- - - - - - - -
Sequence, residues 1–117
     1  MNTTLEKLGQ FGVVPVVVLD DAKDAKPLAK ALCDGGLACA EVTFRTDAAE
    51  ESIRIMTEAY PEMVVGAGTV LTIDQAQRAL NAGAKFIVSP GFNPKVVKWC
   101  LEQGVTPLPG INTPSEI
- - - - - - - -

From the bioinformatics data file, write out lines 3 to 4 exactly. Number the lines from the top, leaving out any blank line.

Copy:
    51  ESIRIMTEAY PEMVVGAGTV LTIDQAQRAL NAGAKFIVSP GFNPKVVKWC
   101  LEQGVTPLPG INTPSEI